A leading source for news and analysis about Mexico and the U.S.-Mexican border.
By David Gaddis Smith
About 150 people attended a commemoration of the 300th anniversary of the death of the Jesuit mission founder Padre Eusebio Kino at the monument to Kino in Tijuana on Wednesday. Or, one might say, it was the 300 1/2th anniversary, as the Italian-born, German- and Austrian-educated Kino died on March 15, 1711, in what is now Magdalena de Kino, Sonora, shortly after dedicating a chapel there.
The ceremony was delayed until September for a number of reasons, including that the anniversary of his death fell during Easter season (Lent began on March 9) and to allow for the creation of a new wine, Gran Vino Tinto Conmemorativo Kino, as seen packaged in the wooden box at right. Kino introduced zinfandel grapes to New Spain. Another wine named for Padre Kino, made by Domecq, is reportedly Mexico's best-seller: it is cheap and sweet. The fine-tasting commemorative wine from Baja California's Guadalupe Valley, served after the ceremony, is neither inexpensive nor sweet.
Kino's work as a missionary in what is now Baja California Sur, Sonora and Arizona was lauded, as were his labors as a scientist, astronomer, geographer, cartographer, frontiersman, rancher, teacher and diplomat known for his generally good relationships with indigenous communities.
The commemoration was put together by Tijuana's Italian community and by the Jesuit-run Universidad Iberoamericana in Playas de Tijuana. The Jesuit community came to Tijuana 29 years ago to found the university. In 1767, the Jesuits had been expelled from New Spain, and their missions were taken over by the Franciscans, who still operate the San Javier del Bac mission near Tucson founded by Kino in 1692 (construction on the current church there began in 1783).
University Rector Sebastián Serra Martínez (right) said he hoped the event would not be seen as one just looking back in time at a great yet imperfect leader, but one that would inspire and help Mexicans building their future. He said the failure of the San Bruno mission Kino was a part of from 1683 to 1685 and how Kino rebounded from it shows Mexicans the spirit and values they can summon forth in order to recover from the crises their society has been enduring and move forward.
In photo, a wreath is pulled up to the top of the
base of the monument of Padre Kino by a man
whose head can be seen above the plow.
Kino was born in 1645 in Segno, Italy, and joined the Jesuits after vowing to do so if he recovered from a serious illness. He sought to join an overseas mission, and after spending time in Spain waiting for such an assignment, was sent to New Spain. He landed in Veracruz in 1681 and then stayed in Mexico City. In 1683 he was sent to Baja California, where on April 2 he set foot in La Paz. He helped found the mission of San Bruno near present-day Loreto later that year, but it was abandoned by May 1685 because of a shortage of water and provisions. He then founded at least 23 missions in present-day Sonora and Arizona states.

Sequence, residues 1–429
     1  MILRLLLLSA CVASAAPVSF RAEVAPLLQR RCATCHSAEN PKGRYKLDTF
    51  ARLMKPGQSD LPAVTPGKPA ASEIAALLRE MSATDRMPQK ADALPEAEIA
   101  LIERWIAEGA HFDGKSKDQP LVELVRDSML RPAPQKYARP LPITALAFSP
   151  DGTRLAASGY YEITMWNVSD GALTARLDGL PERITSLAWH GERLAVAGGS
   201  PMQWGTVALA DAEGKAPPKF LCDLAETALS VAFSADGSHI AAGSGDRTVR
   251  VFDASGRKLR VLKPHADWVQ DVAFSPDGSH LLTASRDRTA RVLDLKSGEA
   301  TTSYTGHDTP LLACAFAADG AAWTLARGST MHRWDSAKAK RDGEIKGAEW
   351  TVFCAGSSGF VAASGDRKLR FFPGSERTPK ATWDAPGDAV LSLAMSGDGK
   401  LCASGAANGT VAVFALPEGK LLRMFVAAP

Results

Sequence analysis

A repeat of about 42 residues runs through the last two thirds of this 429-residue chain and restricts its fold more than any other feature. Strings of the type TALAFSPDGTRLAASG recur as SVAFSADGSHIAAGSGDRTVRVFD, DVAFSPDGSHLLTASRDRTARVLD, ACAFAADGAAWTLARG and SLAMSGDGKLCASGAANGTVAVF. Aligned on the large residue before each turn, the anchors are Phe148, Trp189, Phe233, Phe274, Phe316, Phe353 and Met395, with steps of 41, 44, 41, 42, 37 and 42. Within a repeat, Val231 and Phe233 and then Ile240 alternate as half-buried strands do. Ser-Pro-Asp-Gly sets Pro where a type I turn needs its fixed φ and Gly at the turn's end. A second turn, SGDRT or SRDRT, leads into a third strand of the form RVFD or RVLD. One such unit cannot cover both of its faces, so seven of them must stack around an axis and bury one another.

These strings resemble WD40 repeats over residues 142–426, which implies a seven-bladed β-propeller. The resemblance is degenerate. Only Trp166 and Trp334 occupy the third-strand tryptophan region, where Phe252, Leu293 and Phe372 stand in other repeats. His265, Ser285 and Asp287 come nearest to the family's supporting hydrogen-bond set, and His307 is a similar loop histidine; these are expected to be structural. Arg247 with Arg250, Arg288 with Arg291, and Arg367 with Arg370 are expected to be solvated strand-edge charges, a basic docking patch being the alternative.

Isabelle Duceux, a visiting fellow at the Jesuit Institute at Boston College, said Kino's memoirs were not made public until two centuries after his death. She has concentrated on studying Jesuit missionaries in China, the country where Kino really wanted to go to. Kino's last name in Italian was Chino, but he apparently changed it to Kino because Chino, which means Chinaman in Spanish, was often used in a derogatory manner. Duceux said Kino is generally recognized as having established that Baja California was a peninsula, and not an island, but also said that one of Kino's cartography and mathematics professors in Germany had already posited that it was a peninsula. Still, for decades, few believed either Kino's professor or Kino himself on the matter. She said Kino has been described as the most picturesque missionary in North America.
Camillo Magoni (left), Italy's honorary consul in Tijuana, was a major force in organizing the event, along with the Universidad Iberoamericana's David Ungerleider Kepler. Magoni said that while most statues of Kino show him as an explorer on horseback, Tijuana's statue shows him with a plow. Ungerleider Kepler said one reason Kino is so important to Baja California is that he inspired Juan María de Salvatierra, the founder of the permanent Baja California missions, starting with Loreto in 1697. Salvatierra is also known as the Apostle of California. Also, in 1684, Kino and others became the first Europeans to cross the Baja California peninsula on land.
Soprano María Lozano (right) and pianist Oxana Bulgakova of the Opera de Tijuana performed at various points during the ceremony and sounded magnificent, even though their music was at times almost drowned out by passing traffic. The monument in Tijuana is in a traffic circle at the intersection of Padre Kino and Independencia, a block from City Hall. The new burgundy paint on the monument nearly matched the color of the commemorative wine, which is for sale at the Universidad Iberoamericana.
Archbishop Rafael Romo Muñoz speaks at the ceremony.